Friday's same-sex marriage referendum is fast approaching and unsurprisingly, the rest of the world have turned their heads in curiosity to see how everything unfolds. Will we legalise same-sex marriage, ensuring equality for all? Will we become the first country in the world to accept same-sex marriage by popular vote? Or will the arguments put forward by No voters tilt the scales? Like never before, we wait with bated breath.
In rather heartwarming news, the now famous #VoteYes mural just off Dublin's Dame Street has just made the front cover of The International New York Times. No mean feat for artist Joe Caslin, and something to be proud of no matter the outcome. The headline read 'Quietly, Irish take up same-sex marriage'.
Caslin took to his Instagram profile to share the news of where his work had landed.
Today the drawing that was installed on South Great George's Street made the front page of the International New York Times.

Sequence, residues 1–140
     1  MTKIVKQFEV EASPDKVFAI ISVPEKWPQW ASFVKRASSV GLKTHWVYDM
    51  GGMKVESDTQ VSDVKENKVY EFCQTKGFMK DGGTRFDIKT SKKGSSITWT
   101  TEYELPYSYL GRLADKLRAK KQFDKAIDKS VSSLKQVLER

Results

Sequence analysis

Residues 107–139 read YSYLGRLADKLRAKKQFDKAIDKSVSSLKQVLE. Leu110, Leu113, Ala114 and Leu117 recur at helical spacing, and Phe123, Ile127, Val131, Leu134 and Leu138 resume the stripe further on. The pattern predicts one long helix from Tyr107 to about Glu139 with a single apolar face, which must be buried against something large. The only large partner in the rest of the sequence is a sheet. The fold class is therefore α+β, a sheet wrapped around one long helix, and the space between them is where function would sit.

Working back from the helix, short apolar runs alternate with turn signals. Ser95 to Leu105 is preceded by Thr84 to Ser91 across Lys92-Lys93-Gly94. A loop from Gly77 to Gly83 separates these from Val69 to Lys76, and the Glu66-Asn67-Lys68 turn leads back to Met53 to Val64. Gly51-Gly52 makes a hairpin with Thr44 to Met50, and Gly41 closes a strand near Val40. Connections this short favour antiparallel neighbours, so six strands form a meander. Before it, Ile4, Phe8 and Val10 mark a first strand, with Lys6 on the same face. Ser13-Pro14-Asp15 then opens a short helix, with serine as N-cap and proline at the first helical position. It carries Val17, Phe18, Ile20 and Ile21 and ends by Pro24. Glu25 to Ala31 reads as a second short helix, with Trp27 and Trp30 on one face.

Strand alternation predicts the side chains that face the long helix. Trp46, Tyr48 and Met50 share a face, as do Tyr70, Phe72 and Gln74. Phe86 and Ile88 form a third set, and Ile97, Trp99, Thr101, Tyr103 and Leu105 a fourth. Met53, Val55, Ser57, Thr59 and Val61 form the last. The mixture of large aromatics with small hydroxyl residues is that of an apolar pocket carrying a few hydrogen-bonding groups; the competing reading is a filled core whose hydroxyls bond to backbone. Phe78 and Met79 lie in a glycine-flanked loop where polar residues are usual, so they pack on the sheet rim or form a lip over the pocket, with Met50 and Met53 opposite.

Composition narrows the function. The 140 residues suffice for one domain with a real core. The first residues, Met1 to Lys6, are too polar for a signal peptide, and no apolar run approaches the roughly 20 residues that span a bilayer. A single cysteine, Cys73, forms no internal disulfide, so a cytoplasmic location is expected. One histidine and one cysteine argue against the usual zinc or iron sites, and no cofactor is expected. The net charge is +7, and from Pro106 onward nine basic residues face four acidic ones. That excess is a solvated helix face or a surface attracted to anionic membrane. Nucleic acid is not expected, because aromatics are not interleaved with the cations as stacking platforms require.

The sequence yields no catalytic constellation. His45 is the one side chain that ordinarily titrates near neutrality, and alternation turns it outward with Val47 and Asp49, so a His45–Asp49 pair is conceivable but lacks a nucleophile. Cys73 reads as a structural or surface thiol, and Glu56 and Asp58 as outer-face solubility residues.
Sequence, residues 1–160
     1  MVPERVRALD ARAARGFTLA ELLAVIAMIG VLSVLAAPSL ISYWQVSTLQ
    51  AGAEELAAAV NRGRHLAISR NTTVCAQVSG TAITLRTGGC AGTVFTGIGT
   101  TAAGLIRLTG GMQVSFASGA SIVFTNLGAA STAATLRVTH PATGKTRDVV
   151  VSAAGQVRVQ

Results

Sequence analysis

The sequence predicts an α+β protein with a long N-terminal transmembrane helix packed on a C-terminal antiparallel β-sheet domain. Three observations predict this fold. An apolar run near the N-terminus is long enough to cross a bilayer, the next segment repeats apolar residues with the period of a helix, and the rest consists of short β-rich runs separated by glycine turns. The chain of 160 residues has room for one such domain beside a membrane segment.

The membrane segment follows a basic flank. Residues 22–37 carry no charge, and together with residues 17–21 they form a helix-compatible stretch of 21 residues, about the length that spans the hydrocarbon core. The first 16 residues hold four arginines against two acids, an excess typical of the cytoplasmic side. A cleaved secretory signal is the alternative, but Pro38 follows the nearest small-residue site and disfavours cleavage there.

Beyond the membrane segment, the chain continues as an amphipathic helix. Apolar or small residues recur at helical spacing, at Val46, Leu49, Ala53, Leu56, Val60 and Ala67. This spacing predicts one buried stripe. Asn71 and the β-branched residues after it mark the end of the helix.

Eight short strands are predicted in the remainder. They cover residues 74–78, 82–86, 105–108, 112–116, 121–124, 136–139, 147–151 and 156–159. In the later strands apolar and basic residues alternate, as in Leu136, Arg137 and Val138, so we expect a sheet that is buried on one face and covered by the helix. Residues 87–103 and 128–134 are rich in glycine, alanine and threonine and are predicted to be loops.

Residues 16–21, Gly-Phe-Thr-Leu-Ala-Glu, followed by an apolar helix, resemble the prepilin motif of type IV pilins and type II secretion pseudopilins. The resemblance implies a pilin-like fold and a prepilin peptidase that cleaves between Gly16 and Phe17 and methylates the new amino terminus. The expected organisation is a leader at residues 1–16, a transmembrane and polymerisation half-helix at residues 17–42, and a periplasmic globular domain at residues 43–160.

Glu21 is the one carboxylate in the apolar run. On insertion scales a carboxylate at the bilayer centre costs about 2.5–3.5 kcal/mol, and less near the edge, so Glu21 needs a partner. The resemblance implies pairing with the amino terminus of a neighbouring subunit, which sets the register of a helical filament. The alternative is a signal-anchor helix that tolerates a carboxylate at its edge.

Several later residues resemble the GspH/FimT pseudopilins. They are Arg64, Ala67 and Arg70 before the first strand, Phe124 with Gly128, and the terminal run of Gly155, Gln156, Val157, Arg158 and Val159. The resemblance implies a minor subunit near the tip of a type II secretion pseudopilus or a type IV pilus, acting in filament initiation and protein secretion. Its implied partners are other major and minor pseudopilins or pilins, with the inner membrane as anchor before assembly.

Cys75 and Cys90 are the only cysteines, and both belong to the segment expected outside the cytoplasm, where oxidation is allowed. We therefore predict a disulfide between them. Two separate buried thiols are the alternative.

Cementing his position as a socio-political artist that we're only dying to share a pint with, Joe Caslin also took his efforts to Galway, where he in installed another same sex mural on the side of a castle. The stunning mural of two women embracing is said to have been inspired by Frederic William Burton's painting The Meeting on the Turret Stairs. Speaking to The Irish Times, Caslin said: ?The images that I wanted to show are things that are dignified... To show love, that's essentially what it is, the equality that people should have no matter what sort of a relationship they're in.? Whatever you do this Friday, make sure you get out and vote. I installed this same sex dual portrait on a fifteenth century castle in the west of Ireland over the weekend. Photograph by @daveysexton #drawing #illustration #streetart #ireland #VoteYes #yesequality